Student success starts at Pima, can take you anywhere
Growing up in an impoverished neighborhood in Barranquilla, Colombia, Francy Luna Diaz excelled in school and dreamed of attending college.
When her mother, a single parent just able to provide for the basic needs of her three children, married and moved the family to the United States, Luna got a cold dose of reality. In the land of plenty, she found college was expensive while resources for immigrants to attend school were few.
But where there’s a will … Well, let’s let Luna say it.
“I didn’t really see it as possible… but if you work hard and are invested and passionate in what you’re doing, you will find a way,” she said.
In 2016, Luna graduated from Pima Community College with an Associate of Liberal Arts with an Honors Certificate and a Certificate in Translation and Interpretation Studies. Today she is enrolled at The University of Arizona, studying for a bachelor’s degree with a double major in Political science and Law and a minor in Gender and Women Studies. She wants to continue toward a doctor of law and has a vision of working in U.S. foreign relations with Colombia, and ultimately becoming an ambassador to her native country.
Luna credits her boyfriend’s mother with the generous gift of paying for Luna’s first semester at Pima, at out-of-state rates. From there on, Luna was able to earn scholarships based on grades, leadership activities, community service and minority status.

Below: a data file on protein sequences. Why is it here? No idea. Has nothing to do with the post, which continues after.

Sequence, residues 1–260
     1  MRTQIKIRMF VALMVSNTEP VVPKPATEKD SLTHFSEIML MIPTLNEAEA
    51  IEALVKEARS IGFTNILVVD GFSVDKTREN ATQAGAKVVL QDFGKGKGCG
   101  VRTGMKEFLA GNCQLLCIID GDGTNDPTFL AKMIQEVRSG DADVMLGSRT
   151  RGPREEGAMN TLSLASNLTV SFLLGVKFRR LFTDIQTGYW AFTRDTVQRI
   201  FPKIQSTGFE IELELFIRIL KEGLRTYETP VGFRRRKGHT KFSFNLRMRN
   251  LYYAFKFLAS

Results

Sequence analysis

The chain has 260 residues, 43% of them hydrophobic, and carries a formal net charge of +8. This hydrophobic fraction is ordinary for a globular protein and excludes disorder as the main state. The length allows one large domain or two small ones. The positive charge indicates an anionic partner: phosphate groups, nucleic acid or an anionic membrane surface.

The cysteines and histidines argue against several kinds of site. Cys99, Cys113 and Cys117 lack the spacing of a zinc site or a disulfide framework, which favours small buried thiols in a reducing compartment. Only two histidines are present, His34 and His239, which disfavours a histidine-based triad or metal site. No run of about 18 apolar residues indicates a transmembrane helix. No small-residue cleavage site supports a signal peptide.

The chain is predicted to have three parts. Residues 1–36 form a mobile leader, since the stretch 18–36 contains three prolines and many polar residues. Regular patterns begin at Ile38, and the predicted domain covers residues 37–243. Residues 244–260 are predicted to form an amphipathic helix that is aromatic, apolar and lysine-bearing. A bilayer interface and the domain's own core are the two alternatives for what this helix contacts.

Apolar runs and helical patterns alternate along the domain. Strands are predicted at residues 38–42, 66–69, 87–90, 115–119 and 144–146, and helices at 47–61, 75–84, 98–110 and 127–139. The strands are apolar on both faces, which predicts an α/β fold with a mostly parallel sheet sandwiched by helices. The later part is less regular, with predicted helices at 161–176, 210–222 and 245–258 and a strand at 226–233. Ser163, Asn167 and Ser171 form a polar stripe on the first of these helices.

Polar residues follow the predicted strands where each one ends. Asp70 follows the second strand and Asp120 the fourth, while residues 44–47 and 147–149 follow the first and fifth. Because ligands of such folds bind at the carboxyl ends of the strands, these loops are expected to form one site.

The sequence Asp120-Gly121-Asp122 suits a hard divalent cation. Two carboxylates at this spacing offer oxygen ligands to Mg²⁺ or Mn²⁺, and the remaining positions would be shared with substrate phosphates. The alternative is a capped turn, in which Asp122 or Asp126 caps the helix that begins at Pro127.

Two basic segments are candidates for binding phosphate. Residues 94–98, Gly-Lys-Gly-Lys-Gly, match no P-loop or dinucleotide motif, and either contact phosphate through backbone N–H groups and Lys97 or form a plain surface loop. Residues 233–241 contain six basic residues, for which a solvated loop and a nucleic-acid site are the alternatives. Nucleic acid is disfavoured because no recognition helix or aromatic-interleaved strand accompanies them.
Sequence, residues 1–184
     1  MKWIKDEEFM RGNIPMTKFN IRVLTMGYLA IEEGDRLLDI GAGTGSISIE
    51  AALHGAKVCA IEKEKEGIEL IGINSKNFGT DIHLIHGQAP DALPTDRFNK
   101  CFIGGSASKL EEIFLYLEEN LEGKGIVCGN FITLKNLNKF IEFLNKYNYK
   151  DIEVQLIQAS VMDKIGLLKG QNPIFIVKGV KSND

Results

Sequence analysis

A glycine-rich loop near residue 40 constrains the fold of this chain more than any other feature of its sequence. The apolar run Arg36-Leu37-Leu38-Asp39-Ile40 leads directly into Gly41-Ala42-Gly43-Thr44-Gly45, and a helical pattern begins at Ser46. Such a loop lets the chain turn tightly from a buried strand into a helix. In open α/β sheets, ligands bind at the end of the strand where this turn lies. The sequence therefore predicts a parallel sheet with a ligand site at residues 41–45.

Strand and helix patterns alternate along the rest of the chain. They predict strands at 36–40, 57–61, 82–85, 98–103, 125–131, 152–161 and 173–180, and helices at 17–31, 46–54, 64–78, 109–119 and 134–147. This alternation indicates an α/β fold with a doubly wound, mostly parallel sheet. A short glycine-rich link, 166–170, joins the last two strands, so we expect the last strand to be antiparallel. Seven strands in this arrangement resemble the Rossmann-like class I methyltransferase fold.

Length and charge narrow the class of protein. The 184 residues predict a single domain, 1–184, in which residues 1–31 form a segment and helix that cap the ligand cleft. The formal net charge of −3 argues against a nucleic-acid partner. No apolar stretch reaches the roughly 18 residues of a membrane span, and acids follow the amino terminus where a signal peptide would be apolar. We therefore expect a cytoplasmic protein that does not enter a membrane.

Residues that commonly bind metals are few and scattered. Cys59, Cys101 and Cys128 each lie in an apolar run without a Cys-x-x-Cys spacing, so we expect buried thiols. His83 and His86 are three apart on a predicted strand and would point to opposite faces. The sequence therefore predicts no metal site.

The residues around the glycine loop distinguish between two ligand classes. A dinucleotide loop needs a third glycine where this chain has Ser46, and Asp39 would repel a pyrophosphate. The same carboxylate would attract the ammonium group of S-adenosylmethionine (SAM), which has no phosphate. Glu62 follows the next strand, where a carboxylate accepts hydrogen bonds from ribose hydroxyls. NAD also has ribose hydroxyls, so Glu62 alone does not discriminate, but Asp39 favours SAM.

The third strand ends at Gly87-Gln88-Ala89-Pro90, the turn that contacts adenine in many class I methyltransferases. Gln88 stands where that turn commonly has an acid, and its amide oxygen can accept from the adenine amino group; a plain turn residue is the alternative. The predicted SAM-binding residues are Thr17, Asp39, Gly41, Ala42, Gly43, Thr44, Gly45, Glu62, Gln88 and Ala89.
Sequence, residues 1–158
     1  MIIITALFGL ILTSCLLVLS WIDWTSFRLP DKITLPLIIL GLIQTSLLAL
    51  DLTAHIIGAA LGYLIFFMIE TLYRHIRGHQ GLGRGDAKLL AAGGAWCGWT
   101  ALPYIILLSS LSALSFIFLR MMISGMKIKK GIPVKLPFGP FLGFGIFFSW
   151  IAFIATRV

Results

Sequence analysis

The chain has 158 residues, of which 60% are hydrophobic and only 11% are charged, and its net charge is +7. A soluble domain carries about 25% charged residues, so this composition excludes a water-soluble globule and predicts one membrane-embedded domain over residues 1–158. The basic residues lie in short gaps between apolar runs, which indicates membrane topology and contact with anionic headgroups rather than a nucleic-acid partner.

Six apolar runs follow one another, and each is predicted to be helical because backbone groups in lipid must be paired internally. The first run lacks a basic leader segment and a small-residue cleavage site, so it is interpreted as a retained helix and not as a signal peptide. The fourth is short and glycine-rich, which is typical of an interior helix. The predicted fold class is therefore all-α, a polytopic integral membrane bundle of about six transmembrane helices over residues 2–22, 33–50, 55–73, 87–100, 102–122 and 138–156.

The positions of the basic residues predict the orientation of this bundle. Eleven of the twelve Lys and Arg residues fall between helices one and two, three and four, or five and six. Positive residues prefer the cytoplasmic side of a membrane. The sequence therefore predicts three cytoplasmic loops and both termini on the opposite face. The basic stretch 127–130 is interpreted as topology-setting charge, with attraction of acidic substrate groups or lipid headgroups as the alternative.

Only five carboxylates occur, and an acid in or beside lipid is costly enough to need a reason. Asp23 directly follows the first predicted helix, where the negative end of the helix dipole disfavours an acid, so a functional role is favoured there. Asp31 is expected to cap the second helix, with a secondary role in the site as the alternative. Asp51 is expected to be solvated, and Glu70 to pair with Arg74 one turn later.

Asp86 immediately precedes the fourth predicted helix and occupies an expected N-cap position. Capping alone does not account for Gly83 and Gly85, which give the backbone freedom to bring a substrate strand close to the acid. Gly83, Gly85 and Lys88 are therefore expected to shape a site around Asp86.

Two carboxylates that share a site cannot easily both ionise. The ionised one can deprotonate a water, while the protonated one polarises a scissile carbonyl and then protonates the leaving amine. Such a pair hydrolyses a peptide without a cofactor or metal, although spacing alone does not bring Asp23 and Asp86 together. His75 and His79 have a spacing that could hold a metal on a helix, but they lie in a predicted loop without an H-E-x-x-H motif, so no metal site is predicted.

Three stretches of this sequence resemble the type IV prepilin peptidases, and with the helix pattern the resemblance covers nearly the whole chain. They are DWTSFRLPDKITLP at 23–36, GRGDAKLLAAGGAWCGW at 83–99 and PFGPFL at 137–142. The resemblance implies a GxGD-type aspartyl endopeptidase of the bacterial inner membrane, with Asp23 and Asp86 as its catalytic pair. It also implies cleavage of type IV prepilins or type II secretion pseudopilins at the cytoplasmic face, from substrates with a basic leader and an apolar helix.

Starting her educational journey at Pima couldn’t have turned out better, Luna said. She was still learning English and benefitted from both the small class size and personal attention from instructors.
“The experience is so much different when you get to know the teacher, and the teacher gets to know you beyond the papers you turn in or your test results and can judge your knowledge based on your participation in class and interaction with other students,” Luna said, noting, “I’m in two classes here (UA) with 550 students each.”
Luna also attributes her success as a college student at Pima and her easy transition to the UA to the time she spent in Pima’s honors programs and club. She met other students who were smart and interested in improving themselves through community service and developing their leadership skills.
“It’s important to surround yourself with people who have high standards for themselves. It makes you work harder and push yourself,” Luna said. “I made really good friends. Some of us have moved on to the UA and we still text and check on each other. I can count on this group of friends for help.”
- Anne T. Denogean
Transfer Students: Start Here, Excel Anywhere
More than one-third of transfer students enrolling at UA come from Pima.
Since fall 2015, about 2,500 current or former PCC students have enrolled at some of the country’s best schools, including Cornell, Emory, Illinois, Penn State, Purdue and UCLA.